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April 4, 2012updated 22 Aug 2016 12:46pm

Big Data to have big impact on UK economy: study

Tech's hottest topic can add billions to UK economy and spur the creation of new jobs, research claims

By Steve Evans

Big Data could potentially add £216bn to the UK economy while adding 58,000 new jobs by 2017, according to a new study.

The report, called Data Equity: Unlocking the value of big data, was carried out by The Centre for Economics and Business Research (Cebr) and business intelligence vendor SAS.

The key to this, according to the report, is using analytics to get previously "unseen patterns, sentiments and customer intelligence" out of the huge amounts of data being created by the internet, social media, cloud computing, mobile devices and more.

The report reckons co-called Big Data contributed £25.1bn to the UK economy in 2011, but as the use of analytics increases, that figure could rise to £40.7bn by 2017. Add to that the rise in big data analytics adoption, from 34% of companies using it in 2011 to 54% in 2017, and you have a cumulative benefit of £216bn between those years.

But how exactly will Big Data benefit the economy. Well, the report highlights three areas.

The first of these is Business Creation: The ability to be able to have better customer insight and strategy-making could spur the creation of many new SMBs, which the report believes will see 58,000 new jobs created over the next five years.

Second is Efficiency: Efficiency gains in customer insights and supply chain management could contribute a cumulative benefit of £149.5bn by 2017, the report states. Finally we have Innovation: Using Big Data analytics in R&D will drive the creation of new products and services. This could contribute as much as £24.1bn to the UK economy over the next five years.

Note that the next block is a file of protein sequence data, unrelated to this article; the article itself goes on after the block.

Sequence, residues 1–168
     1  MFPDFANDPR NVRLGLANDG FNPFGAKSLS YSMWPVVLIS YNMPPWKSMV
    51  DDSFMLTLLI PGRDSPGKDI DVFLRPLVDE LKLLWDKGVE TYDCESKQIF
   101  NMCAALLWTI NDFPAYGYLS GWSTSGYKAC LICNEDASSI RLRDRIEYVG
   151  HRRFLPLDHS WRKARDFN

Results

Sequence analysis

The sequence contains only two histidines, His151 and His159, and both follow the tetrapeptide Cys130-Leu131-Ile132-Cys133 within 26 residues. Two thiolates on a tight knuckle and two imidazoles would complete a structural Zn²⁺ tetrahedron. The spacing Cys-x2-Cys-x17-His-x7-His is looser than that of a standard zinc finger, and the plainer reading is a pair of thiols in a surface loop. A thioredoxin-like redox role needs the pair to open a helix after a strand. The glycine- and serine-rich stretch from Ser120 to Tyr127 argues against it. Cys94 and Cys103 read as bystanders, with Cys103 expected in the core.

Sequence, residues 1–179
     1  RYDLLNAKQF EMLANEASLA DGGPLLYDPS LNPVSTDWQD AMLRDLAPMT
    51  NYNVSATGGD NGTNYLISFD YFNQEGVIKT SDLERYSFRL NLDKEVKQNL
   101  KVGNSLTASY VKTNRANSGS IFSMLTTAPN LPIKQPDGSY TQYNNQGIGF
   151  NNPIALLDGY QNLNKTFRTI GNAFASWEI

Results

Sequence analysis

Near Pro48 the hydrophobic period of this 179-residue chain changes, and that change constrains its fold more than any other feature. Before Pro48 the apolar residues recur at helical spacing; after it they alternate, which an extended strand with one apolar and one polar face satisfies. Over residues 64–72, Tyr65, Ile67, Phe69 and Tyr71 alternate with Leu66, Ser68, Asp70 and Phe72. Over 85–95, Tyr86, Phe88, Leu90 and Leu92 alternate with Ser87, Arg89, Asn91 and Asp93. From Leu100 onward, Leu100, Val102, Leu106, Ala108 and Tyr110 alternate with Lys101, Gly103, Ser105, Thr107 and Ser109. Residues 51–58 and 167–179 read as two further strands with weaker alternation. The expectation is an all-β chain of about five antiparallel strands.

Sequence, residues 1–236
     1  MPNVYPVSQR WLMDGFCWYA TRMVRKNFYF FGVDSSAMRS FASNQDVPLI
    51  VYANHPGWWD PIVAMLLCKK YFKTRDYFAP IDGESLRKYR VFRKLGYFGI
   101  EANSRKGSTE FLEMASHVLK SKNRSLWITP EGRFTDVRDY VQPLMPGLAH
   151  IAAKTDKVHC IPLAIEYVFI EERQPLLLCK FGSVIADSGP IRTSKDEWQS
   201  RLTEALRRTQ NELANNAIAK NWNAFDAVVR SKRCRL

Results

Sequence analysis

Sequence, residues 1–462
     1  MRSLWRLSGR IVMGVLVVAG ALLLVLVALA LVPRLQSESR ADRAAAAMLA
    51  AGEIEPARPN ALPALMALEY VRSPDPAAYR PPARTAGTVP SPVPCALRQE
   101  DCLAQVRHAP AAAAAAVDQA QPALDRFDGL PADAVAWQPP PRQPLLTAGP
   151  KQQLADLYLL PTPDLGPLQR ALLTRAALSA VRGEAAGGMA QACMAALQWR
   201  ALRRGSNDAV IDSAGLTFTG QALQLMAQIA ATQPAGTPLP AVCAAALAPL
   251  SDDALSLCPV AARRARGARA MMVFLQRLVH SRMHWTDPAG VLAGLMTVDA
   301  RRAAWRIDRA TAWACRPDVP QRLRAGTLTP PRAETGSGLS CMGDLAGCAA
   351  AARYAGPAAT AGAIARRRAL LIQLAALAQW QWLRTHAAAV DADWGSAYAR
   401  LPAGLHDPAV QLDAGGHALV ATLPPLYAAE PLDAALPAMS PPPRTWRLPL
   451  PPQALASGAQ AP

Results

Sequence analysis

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The financial services sector is the one that will see the greatest benefits of Big Data, with £16.3bn being generated in that space. The public sector, retail and manufacturing are also expected to benefit.

"Tapping into the dizzying amount of big data could be the stimulus the UK economy has been searching for," said Andy Cutler, director of high-performance analytics at SAS UK & Ireland.

"Big data analytics has the power unlike any other technology to generate growth, reduce debt, create jobs, develop new innovations and deliver greater operational efficiencies. Organisations large or small, government or commercial, must get to grips with the big data challenge and use analytics to identify tomorrow’s opportunities," he added.

Oliver Hogan, Cebr Head of Microeconomics, added: "As the volume of data created exponentially increases and big data’s value is unlocked to greater effect by technological advances we would expect data to start appearing on the balance sheets of companies that begin to realise its value in financial terms."

"Furthermore, the efficiency and innovation gains generated from data-driven technologies can play a vital role in ensuring the competitiveness of the UK’s goods and services on the global stage, and can thus generate a wider economic benefit beyond the value of this significant asset to its owner," he said.

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